Pretend you are a horse

Have you ever tried pretending you were a horse? Have you thought what it would feel like to have a person on your back telling you what to do? Would it be confortable and enjoyable? Or would it we unconfortable and difficult?

  • #technique
  • #horse
  • #rider
  • #balance
  • #seat
  • #teaching

Susanna Cottica Animo

If you carry a well-packed knapsack on your back that is also well balanced over your shoulder, it is not an unpleasant feeling. But if it is loosely packed, unbalanced, and not strapped on correctly, it can be very unconfortable and seem much heavier than actually is.
There is another way pretenging you are a horse. Get down on your hands and knees, keeping your back level. Move around the floor a bit, being careful not to hump your back or let it sag. It will help to check yourself in a full-lenght mirror. Then, have a friend poke you sharply with two stiff fingers on either side of your spine just at the base of your shoulder blades. What is your reaction to these sharp pokes? Ouch! You quickly hollow your back and your head snaps up. Have your friend poke you in different places nearer your pelvis. Each time you will find the same reaction, especially when the pokes are a little farther down. It’s not a pleasant situation…
​This is the sort of thing we do to our horses when we don’t sit to the trot correctly, when we bang the saddle at the canter, when we post to the trot and come down too heavily or when we mount and land on the horse’s back. Your reaction in this exercise was to shrink away from thumps and bumps, to hollow your back and raise your head. How many times have you seen a horse react in just this way? He is unhappy, tense, his back hollowed. His nose is up, his eyes have an inner frightened look and his ears are back. He looks unsure, sorrow; he switches his tail and moves with short, stiff strides.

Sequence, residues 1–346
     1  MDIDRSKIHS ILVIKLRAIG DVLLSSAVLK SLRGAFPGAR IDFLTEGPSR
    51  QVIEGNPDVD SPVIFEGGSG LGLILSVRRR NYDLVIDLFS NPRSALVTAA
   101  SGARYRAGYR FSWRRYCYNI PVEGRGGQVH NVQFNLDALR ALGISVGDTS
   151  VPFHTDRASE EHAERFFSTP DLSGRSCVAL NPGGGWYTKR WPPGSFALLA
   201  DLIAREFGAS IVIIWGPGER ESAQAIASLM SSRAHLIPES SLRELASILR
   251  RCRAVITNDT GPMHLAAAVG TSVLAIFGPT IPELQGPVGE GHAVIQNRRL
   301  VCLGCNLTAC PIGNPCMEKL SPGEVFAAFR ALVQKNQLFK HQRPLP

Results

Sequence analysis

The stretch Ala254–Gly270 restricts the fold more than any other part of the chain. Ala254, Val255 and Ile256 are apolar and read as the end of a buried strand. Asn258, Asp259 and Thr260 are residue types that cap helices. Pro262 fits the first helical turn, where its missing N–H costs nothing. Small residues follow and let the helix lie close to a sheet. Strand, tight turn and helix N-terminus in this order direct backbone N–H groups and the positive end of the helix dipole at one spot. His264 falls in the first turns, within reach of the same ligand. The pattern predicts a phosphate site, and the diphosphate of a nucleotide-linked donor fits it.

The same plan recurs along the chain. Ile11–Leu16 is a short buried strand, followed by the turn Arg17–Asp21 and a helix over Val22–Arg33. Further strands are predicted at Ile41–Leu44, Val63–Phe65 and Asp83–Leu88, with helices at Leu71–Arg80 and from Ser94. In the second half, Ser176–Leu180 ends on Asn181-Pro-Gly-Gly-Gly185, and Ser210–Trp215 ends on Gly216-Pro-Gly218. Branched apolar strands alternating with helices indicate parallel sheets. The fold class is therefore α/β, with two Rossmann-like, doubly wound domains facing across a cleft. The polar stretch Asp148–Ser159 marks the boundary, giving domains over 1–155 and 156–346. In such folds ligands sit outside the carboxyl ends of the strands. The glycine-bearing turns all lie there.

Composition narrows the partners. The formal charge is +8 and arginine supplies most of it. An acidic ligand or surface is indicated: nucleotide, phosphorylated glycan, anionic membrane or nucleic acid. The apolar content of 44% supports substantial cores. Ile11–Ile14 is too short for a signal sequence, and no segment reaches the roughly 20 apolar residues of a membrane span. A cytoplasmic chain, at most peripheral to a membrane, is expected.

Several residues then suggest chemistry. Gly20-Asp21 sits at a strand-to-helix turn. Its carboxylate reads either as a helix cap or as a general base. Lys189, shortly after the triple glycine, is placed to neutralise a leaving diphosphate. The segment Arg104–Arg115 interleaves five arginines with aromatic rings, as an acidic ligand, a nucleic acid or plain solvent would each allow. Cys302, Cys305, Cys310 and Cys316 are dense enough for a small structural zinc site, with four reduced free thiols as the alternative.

Now let’s change the picture and try another exercise with you on all fours on the floor. Have your friend, instead of poking you rather rudely, play with his fingers on your back in a rather pleasant way. Or let your friend caress your back, gently massaging you. It feels wonderful! And what is your reaction? To raise your back, stretch and arch it like a cat!
It is certaintly not a sesnsation that you are going to avoid, but one that you are going to accept and even enjoy. Wouldn’t it be nice to give that kind of pleasure to your horse when you are riding him?
​Have you ever seen a horse resistant and stiff with one rider, respond quite differently and much better to another rider? The second rider mounts the horse springing lightly up and setting gently in the saddle. They move off quietly, the rider’s body flowing and swinging with the horse’s body. The horse strides out freely, head down, neck long and relaxed, ears and eyes quiet. Gently the riders picks up the reins and moves the horse on, body balanced, hardly touching the horse’s back in the rising trot, then the canter, and still there is no tension because the body is swinging with the horse. The horse is both enjoying his rider and is willing to cooperate and move as he is asked. The horse’s strides are supple and open, the rhythm pleasant to watch; impulsions come softly from behind with energy flowing through his body. Under such a rider a horse becomes transformed. Even a horse with actual physical problems will be improved to some degree.

What is the teaching of all this? You would like to ride like the second rider, to learn where to sit in the saddle so that you you are balanced and positioned correctly. But at the same time, when the horse moves, the problems begins and you find yourself stiffening up in an effort to mantain a balanced position. But under the proper direction, the correct teaching, you can improve your balance and coordination; first, learning how your body work, for instance how to move differents parts indipendently from other parts, and then, with an inner consciousness of the correct seat and balance. Improve your riding by knowing your horse and increasingly with the correct tecnique and exercise.